The Swerve: How the Renaissance Began
WINNER OF THE PULITZER PRIZE FOR NON-FICTION 2012 Almost six hundred years ago, a short, genial man took a very old manuscript off a library shelf. With excitement, he saw what he had discovered and ordered it copied. The book was a miraculously surviving copy of an ancient Roman philosophical epic, On the Nature of Things by Lucretius and it changed the course of history. He found a beautiful poem of the most dangerous ideas - that the universe functioned without the aid of gods, that religious fear was damaging to human life, and that matter was made up of very small particles in eternal motion. These ideas fuelled the Renaissance, inspiring Botticelli, shaping the thoughts of Montaigne, Darwin and Einstein. An innovative work of history by one of the world's most celebrated scholars and a thrilling story of discovery, The Swerve details how one manuscript, plucked from a thousand years of neglect, made possible the world as we know it. Winner of the 2011 National Book Award for Nonfiction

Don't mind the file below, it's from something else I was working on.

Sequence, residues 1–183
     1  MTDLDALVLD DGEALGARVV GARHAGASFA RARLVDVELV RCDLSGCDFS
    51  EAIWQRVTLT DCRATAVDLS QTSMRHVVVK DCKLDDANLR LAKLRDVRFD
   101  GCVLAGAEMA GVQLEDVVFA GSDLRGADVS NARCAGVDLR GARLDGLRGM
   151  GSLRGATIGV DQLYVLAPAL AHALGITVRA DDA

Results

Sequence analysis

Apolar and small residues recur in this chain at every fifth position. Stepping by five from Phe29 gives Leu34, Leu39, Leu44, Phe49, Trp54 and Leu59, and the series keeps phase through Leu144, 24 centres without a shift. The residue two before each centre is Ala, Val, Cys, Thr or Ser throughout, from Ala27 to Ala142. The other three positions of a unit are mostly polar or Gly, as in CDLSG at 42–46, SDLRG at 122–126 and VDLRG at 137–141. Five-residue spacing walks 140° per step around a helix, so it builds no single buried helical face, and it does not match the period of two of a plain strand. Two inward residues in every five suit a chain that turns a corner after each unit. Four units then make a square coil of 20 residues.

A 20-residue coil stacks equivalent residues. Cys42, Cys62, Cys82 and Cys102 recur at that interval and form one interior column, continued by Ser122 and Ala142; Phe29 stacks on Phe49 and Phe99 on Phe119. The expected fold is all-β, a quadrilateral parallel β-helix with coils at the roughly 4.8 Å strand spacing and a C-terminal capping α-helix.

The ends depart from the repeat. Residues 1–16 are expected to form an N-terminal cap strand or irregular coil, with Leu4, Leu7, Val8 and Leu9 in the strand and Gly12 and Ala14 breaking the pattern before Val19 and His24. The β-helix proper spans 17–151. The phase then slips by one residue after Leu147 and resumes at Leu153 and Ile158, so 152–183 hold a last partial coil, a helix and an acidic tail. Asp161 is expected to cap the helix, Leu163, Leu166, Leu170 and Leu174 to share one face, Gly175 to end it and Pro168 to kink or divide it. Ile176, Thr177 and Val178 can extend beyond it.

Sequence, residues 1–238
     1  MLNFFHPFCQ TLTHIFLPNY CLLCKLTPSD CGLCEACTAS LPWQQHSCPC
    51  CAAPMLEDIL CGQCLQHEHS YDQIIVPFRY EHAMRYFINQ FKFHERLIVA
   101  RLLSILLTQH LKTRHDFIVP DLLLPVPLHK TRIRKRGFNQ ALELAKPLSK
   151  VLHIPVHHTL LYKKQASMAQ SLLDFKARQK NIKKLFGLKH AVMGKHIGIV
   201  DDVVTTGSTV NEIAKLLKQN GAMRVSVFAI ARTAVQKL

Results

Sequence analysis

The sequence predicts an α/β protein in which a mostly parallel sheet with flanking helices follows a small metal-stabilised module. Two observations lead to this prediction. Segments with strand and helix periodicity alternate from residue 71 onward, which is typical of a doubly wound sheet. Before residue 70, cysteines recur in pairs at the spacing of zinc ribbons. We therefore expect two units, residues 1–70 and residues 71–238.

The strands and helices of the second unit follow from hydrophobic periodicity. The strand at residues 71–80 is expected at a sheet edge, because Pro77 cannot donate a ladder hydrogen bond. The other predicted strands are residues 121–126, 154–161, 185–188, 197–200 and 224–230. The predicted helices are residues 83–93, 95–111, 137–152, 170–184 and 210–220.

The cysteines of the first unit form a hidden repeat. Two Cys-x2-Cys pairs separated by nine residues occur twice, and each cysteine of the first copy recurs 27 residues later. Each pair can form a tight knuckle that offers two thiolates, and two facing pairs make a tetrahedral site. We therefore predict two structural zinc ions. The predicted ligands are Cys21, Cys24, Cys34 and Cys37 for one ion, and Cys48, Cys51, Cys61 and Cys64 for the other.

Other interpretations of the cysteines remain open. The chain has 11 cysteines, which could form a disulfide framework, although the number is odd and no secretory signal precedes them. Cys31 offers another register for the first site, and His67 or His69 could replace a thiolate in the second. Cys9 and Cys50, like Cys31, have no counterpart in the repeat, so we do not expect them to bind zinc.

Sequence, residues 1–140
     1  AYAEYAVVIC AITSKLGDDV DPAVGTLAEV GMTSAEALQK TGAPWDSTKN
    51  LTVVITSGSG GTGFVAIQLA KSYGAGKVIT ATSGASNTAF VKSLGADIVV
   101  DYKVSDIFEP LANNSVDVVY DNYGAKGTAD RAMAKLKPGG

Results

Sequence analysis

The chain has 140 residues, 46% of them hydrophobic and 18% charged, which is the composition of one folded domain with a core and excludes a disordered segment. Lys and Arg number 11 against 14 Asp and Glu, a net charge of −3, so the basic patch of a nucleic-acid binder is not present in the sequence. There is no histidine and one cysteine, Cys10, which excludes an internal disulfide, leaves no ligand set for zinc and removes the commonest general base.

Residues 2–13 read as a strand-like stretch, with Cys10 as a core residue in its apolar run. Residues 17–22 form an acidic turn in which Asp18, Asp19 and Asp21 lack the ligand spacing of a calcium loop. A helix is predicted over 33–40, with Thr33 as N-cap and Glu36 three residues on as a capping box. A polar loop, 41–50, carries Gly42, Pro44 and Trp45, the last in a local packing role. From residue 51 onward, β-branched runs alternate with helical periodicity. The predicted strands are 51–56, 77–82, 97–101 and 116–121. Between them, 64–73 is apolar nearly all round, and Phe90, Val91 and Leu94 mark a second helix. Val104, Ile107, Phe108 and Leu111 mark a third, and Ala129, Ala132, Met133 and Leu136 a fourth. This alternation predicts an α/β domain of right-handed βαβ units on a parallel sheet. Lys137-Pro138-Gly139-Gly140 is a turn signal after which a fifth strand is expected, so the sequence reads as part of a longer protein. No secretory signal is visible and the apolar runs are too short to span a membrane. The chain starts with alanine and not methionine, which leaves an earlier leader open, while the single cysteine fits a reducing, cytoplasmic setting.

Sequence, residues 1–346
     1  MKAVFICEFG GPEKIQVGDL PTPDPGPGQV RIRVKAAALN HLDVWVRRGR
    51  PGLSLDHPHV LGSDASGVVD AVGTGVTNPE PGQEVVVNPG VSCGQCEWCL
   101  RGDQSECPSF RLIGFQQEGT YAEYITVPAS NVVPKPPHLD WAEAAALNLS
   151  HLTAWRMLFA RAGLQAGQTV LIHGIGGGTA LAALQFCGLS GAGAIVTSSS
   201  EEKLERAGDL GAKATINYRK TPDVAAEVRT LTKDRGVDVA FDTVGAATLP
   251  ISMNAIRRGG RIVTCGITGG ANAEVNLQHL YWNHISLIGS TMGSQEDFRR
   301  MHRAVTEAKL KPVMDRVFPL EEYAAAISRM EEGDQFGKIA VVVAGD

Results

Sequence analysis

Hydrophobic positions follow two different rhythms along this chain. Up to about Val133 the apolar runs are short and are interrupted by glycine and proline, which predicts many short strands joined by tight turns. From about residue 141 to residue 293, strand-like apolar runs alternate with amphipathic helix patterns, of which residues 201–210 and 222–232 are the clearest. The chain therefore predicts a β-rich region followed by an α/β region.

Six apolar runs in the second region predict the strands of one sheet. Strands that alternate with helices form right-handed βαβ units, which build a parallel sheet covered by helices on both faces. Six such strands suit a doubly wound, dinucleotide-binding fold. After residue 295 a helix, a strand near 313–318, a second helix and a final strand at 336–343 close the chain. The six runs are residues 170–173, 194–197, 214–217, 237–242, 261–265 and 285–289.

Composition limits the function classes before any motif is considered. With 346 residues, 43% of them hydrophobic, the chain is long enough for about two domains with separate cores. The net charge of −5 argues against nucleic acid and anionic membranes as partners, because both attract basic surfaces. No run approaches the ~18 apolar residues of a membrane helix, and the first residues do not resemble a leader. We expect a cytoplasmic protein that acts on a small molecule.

WINNER OF THE PULITZER PRIZE FOR NON-FICTION 2012
Stephen Greenblatt is a literary critic, theorist and scholar. He has written and edited numerous books and articles relevant to new historicism, the study of culture, Renaissance studies and Shakespeare studies and is considered to be an expert in these fields. His most popular work is Will in the World, a biography of Shakespeare that was on the New York Times bestseller list for nine weeks. He is also co-founder of the literary-cultural journal Representations.